/ Food & Drink

Flavoured, plain, full-fat or light? How do you like your mayo?

Do flavoured mayonnaises appeal to you? When the waiter delivers my pub lunch and asks if I’d like any sauces, I know I’d be sending the mayonnaise back if it tasted of bacon, mustard or pesto.

And if you’re anything like Which? Convo editor Patrick Steen, you might even hate mayo whatever the flavour.

Yet, despite my not liking it, flavoured mayos are on the rise; Hellmann’s sells four flavoured varieties and Branston sells five. And there are plenty more to choose from if you like your mayo a little out of the ordinary.

A quick look at Tesco’s site shows that you can buy mayo flavoured with aioli, chilli, dijon mustard, garlic, lemon and garlic, mustard and onion, pesto, piri piri, roast garlic and black pepper and sweet chilli.

Hellmann’s is mayo-market leader

Despite the emergence of exotically flavoured mayos, traditional full-fat and light varieties still dominate the market with Hellmann’s real and light varieties accounting for more than 60% of all mayo sold in the UK.

There’s a big difference in fat content between the two types, but is there a difference in taste between the two?

To find out, we asked 36 staff from our Customer Service Centre to taste Hellmann’s Real Mayonnaise and Hellmann’s Light Mayonnaise to tell us which one they liked the taste of best.

Full-fat mayo versus light

Each mayo was tested blind and 26 of our tasters told us that they preferred Hellmann’s Real Mayonnaise’s ‘richer taste and thicker consistency’ to Hellmann’s Light, which one tester told us was ‘nice but a bit bland’.

So despite the popularity of light mayo (more than a third of Hellmann’s sales are Hellmann’s Light), it seems that real, full-fat mayo is still the people’s favourite.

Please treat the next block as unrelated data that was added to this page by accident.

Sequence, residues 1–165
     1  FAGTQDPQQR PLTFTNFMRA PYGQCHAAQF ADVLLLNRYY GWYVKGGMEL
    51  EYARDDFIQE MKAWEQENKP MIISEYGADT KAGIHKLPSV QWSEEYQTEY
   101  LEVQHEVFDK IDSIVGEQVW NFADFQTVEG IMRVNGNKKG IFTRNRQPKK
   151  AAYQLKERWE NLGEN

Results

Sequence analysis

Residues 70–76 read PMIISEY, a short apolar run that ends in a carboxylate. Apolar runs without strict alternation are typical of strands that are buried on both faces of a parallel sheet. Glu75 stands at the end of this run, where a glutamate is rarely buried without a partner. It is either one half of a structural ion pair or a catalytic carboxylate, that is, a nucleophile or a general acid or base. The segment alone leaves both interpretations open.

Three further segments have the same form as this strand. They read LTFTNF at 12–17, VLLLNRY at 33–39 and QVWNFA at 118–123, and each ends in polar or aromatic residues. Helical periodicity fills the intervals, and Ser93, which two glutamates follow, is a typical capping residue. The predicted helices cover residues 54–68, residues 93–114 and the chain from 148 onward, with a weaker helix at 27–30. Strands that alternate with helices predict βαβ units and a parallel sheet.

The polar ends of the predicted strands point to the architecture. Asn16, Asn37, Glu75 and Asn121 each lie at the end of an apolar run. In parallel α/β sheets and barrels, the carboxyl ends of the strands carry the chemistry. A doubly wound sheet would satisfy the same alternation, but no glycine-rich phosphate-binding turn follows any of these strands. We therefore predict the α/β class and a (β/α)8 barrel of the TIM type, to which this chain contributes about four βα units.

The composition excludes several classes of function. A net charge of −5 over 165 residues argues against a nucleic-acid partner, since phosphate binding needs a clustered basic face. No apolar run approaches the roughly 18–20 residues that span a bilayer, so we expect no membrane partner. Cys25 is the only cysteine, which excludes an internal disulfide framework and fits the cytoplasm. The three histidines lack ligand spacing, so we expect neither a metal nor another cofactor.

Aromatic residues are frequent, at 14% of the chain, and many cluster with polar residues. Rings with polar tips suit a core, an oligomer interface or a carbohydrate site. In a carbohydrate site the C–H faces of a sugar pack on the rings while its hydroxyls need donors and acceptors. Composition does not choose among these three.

But where do your preferences lie? Are you a full-fat fan or a lover of light? Have you been adventurous enough to dip into any flavoured mayo varieties?

Matthew field says:
25 May 2012

I’ve always enjoyed mayonnaise on the side of my meals. Just something to dip in to. I enjoy making my own though, using an old recipe found in one of my mums old cook books (French naturally). The homemade always turns out pale yellow, and quite a lot stonger than store-bought mayo, but this because I tend to use Organic extra virgin Olive oil. It really does lend the mayo a richer, creamier texture and, of course it is much much healthier.

ian tanner says:
6 July 2012

Mathew Field isn’t reading his Which reports! “…Organic extra virgin Olive oil. It really does lend the mayo a richer, creamier texture and, of course it is much much healthier.” There’s no “of course” about it and, in fact, it’s a myth! Google on Which site. First item gives an exposition.


ian tanner says:
6 July 2012

On above post I put Google ‘organic healthier’ but with subject between (V shaped brackets if they don’t appear, which seems to have called up invisible ink!

Karon McCarthy-Sadd says:
21 August 2012

Are these all made with Free Range Eggs? If not then they can hardly be comparable products? So how can the Lidl product even be on here? Which should look in to their processes when comparing products as this is not a fair or ethical comparison.

Vee Miles says:
10 March 2018

Mix it with plain yogurt. Very yummy and a tad more healthy.